8. Freedom of the Press
Dr. Rick Patrick | Senior Pastor
First Baptist Church, Sylacauga, AL
In 1787, Edmund Burke, the British author, orator and philosopher, made the following statement during a parliamentary debate: “There are three estates in Parliament but in the Reporters’ Gallery yonder there sits a Fourth Estate more important far than they all.”
Who can argue with the significance and influence of this Fourth Estate? A truly free press in all of its modern forms—print journalism, broadcasting, blogging and social media—provides information capable of shaping public opinion. As British author Edward Bulwer-Lytton opined in a sentence for the ages: “The pen is mightier than the sword.”
Today, unfortunately, print journalism is taking it on the chin. Dailies have been reduced to thrice weeklies. By the time the newsprint begins staining a person’s fingers, they have already been informed (or misinformed) by blogs, broadcasts, tweets and social media shares. In the 21st Century, the Fourth Estate is everybody on the internet.
Nevertheless, organizations like Baptist Press serve an important function in the life of our denomination. Bloggers have day jobs. Their words are free, and too often, the reader gets exactly what he pays for. Bloggers have neither the time nor the resources to engage in full time journalism. Often, bloggers apply more relaxed publication standards than major media corporations. Blogs offer content frequently colored by subjective personal opinion. Official news sources generally take the time to print more fair and balanced stories.
One overarching factor typically allows major media outlets the freedom to report both good and bad news whenever covering a particular beat. Both in terms of finance and job supervision, they are not at all controlled by the organization whose news events they cover. If they were, of course, the not-so-subtle pressure would always exist to write puff pieces only focusing on the positive news while considerably downplaying potentially negative news.
Reporters and editors should never be forced into the awkward position of determining whether or not to bite the hand that feeds them. If a leader in the Southern Baptist Convention has earned a less than flattering portrait based on the choices, decisions and statements they have made, then the press needs to be free to present that perspective without any fear of recrimination, such as a loss of employment or reduction in pay.
Granted, the danger exists that such a free press will assume a hostile posture practically antagonistic toward the denomination. They might occasionally ask hard questions that portray the denomination in a pejorative light. This is simply the price one must pay to have a free press capable of independently reporting the news Southern Baptists need to hear. The only alternative is a denominationally owned and operated media outlet fully dependent on the denomination itself for its livelihood, thereby creating an intrinsic conflict of interest when it comes to unbiased reporting.
The value of an independent press is worth the risk of unflattering coverage. In countries where news outlets are government owned, the news is nothing but sheer propaganda. Who can forget the incredulous reports of Baghdad Bob, the Iraqi Information Minister under Saddam Hussein? Who can forget the coverage of the Chernobyl disaster by the Soviet Union? Who can forget the North Korean media reports of their late Supreme Leader, Kim Jong-il, who routinely shot three or four holes-in-one per day, including the best round of golf ever recorded, a score of 38 under par in Pyongyang?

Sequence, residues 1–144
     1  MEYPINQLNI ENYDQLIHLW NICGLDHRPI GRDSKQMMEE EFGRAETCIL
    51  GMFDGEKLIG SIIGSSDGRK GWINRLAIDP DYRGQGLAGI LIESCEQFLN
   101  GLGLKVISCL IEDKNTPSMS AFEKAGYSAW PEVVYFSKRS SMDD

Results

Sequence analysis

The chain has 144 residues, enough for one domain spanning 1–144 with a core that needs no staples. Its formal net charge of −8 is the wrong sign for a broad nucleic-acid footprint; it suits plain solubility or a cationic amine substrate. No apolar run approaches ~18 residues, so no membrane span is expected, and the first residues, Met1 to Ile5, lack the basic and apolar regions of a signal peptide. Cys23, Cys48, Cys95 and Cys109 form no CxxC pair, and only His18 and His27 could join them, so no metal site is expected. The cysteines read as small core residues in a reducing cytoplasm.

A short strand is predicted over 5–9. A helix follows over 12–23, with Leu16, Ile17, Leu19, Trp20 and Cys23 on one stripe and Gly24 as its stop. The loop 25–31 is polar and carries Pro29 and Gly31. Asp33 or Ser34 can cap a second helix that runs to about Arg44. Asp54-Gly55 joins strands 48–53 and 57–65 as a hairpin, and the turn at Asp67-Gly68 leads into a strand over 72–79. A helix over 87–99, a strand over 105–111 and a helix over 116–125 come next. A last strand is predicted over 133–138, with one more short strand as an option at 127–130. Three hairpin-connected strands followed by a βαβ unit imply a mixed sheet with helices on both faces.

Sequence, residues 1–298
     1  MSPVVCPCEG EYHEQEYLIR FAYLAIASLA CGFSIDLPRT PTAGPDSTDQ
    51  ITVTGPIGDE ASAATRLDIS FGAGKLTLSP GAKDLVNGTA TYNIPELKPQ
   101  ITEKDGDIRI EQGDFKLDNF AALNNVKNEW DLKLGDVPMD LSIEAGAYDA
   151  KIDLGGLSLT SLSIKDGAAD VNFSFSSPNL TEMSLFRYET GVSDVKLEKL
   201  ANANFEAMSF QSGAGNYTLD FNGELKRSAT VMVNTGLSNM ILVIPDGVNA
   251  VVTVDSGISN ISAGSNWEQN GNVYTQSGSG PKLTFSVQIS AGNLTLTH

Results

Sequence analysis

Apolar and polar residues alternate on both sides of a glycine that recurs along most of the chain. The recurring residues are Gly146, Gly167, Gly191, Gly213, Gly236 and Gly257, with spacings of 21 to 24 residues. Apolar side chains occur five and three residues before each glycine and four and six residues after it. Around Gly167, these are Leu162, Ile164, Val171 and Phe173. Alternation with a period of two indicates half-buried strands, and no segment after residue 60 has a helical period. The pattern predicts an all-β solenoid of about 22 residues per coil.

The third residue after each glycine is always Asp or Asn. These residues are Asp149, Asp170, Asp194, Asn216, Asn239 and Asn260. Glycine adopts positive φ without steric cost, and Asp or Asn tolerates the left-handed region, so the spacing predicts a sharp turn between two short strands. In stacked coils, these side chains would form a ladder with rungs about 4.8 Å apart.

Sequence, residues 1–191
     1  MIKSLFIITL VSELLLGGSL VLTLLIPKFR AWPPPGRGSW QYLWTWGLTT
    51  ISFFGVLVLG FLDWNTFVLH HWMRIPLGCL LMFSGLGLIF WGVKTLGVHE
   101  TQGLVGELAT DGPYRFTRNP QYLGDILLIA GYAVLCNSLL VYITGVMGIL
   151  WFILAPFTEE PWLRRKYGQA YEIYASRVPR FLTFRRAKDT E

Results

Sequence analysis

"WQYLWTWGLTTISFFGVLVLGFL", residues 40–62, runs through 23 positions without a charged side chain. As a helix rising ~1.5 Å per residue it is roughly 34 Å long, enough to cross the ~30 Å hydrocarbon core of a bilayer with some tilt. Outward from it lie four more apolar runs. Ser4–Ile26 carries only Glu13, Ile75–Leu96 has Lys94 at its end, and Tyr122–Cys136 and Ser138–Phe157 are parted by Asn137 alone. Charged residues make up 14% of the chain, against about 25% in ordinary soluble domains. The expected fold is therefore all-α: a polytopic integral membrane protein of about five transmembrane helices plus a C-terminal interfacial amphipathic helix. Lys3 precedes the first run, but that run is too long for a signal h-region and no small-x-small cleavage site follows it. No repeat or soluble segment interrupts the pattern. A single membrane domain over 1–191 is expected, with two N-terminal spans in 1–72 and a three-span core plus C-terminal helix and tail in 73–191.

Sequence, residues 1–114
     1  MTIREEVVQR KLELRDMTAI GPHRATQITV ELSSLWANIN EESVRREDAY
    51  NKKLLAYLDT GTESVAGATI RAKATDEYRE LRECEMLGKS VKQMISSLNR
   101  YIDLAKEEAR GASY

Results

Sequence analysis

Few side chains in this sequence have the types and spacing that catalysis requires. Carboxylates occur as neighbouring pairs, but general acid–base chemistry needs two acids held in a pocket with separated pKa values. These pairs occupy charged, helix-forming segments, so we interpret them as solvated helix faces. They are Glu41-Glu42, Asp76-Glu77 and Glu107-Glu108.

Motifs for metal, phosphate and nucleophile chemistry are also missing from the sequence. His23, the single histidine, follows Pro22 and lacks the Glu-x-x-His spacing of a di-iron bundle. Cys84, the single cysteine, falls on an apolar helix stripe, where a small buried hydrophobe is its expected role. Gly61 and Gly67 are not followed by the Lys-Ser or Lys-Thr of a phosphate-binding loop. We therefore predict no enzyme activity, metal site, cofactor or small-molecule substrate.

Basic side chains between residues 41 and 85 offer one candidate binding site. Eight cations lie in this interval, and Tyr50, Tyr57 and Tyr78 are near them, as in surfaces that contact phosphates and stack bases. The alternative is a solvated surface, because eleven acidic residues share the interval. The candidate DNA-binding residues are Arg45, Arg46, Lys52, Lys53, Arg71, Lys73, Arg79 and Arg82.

Although Baptist Press has not reported bowling averages of 300 for Frank Page and Al Mohler, the principle behind this wall of separation between organizations and the press is just as conceptually sound when applied to the church as it is when applied to the state. It is possible for Southern Baptists to set up some kind of independent foundation for the coverage of Southern Baptist news that would extricate the press from any administrative or financial oversight by the denomination itself.
We need a Baptist Press with a journalistic approach somewhere between Woodward and Bernstein on the one hand and the secretaries who produce our clip-art filled newsletters on the other. Privatizing Baptist Press would be a step in the right direction to encourage rigorous investigation and balanced coverage even when the news is not necessarily good and especially when the news might be considered potentially controversial. Sharing the Good News is a job for preachers. Sharing the bad news, on occasion, is a job for journalists.
Transparency Agenda Survey Results
In a recent poll of SBC Today readers, we asked Southern Baptists to indicate if they “approved” or “disapproved” of the idea that we “Create a funding source to allow a truly independent Baptist Press.” With 253 respondents, 68.77% approved of such an action, while 31.23% disapproved.
This article addresses Item Eight of the Ten Item Transparency Agenda. You may READ the Transparency Agenda or COMPLETE the survey yourself. To read the articles reporting results from the other survey items, see the links below: